Figure 5 – Visitors by Zip Code – Fairmont SM 2019

Like the Bulldog, over 2/3 (73.3%) come from the local market – in this case, the Los Angeles demand market area.  

In this case, because we are working with sample data, we are unable to separate the cellphones of the any employees that may have come into the geofenced area, however; the visitor counts shown are unique, so any employees would only be seen once in the data.

Figure 6- Los Angeles Demand Market Area -Fairmont SM 2019

Beyond the Los Angeles demand market area, the other major markets reflect the unique nature and upper-end market price of the products delivered, such as the Cannabis Concierge program, at this property -New York City (8.1%), San Francisco-Oakland-San Jose (4.9%), Chicago, San Diego, Phoenix, Dallas-Ft. Worth, Washington DC, Miami, and Boston, completing the top ten ranging from 3% to 1.6% in descending order.  

RELATED: With Consumption Lounge Bill Passed, Las Vegas Poised to Lead on Cannatourism

Reading into the data

To be clear on this point, we are not suggesting that people travel from all over the U.S. to this property to imbibe in cannabis and related products.  

The fact that the property caters to this market segment is a positioning taken by the property and it appears to have gained recognition with a segment of the population and media.

We have broadly covered some of the geographic highlights, but if we were responsible for the marketing of these properties, are there any time-based insights in the data that we can use in our marketing plans?

The answer appears in Figure 7. 

The monthly data shows that peak visitation periods are December-April for the Fairmont and August-November for the Bulldog.  

Further analysis could be done to compare these peaks to the regular seasonal trends of the respective areas, but that is deeper than we intend to go into here.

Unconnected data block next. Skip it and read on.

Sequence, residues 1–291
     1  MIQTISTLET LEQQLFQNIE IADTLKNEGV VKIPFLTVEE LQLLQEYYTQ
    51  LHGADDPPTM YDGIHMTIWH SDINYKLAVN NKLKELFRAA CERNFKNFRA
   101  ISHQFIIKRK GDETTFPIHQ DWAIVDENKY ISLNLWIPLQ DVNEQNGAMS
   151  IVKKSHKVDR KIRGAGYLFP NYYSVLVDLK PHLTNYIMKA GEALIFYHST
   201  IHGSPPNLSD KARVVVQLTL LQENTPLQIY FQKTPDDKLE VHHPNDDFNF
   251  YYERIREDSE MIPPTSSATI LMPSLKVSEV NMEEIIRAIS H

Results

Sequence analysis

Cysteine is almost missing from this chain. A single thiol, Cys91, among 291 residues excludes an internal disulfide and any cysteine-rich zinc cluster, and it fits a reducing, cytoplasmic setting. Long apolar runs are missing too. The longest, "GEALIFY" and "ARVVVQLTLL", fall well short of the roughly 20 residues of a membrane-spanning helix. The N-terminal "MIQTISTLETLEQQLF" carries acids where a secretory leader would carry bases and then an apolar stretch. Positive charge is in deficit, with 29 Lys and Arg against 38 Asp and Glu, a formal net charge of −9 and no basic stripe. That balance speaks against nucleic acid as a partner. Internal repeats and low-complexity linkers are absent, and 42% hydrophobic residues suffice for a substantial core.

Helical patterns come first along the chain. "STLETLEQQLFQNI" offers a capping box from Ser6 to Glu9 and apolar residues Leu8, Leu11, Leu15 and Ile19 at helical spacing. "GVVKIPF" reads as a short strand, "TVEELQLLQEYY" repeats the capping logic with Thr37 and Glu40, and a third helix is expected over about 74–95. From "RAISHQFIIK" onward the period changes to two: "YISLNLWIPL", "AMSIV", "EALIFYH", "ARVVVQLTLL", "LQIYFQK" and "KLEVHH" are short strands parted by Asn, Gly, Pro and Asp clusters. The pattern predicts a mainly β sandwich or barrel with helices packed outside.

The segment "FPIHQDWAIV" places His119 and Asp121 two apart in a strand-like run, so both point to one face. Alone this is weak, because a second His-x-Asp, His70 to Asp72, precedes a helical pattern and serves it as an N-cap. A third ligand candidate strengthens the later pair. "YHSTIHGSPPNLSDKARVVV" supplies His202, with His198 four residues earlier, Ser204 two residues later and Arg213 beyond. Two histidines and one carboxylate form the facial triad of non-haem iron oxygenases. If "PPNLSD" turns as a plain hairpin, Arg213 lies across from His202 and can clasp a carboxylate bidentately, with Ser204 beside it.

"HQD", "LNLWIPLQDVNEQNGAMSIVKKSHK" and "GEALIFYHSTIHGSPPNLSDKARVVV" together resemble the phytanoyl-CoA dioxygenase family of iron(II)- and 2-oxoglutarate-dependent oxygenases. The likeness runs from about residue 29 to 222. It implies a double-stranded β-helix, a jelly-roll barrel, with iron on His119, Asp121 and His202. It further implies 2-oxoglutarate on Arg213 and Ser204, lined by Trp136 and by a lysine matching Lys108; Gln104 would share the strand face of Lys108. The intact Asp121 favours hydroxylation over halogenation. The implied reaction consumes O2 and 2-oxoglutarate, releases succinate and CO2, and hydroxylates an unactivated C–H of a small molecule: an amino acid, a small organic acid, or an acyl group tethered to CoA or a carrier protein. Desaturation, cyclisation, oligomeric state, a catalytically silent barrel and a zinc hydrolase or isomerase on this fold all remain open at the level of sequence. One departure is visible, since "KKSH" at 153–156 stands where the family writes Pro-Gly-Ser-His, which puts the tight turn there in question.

Figure 7 – Time Segment Data – Bulldog & Fairmont SM -2019

When we examine the daily breakdown of the two properties, we see an interesting similarity. Both properties trend upwards in visitation towards the weekend – starting about Thursday. The trend is more noticeable at the Fairmont than at the Bulldog, which sees a steadier amount of traffic throughout the week. 

Dayparting of ad spend in digital, or broadcast media often helps to improve return on ad spend.  

Cannabis tourism businesses that exhibit a similar trend could potentially take advantage of this trend to maximize weekend visitation or boost visitation in less busy times.

Using Smart Data as marketing strategy for cannabis tourism  

This is a question we asked ourselves and the answer is unequivocal. Smart Data can effectively and affordably identity top demand areas and peak visitation times to maximize promotional response at key times or boost traffic during periods of softer demand.   

The disruption to the tourism industry, cannabis-based or otherwise, has forced many tourism-based businesses to close, some permanently, and millions of workers displaced worldwide.

For the surviving businesses, they will be challenged to grow sustainably with initially reduced cash flow, or by taking on additional debt to finance marketing expenditures. There will be increased pressure on budgets to perform. 

It is vital that cannabis tourism businesses vector their marketing dollars directly to the markets and at the best times to maximize results from their marketing expenditures.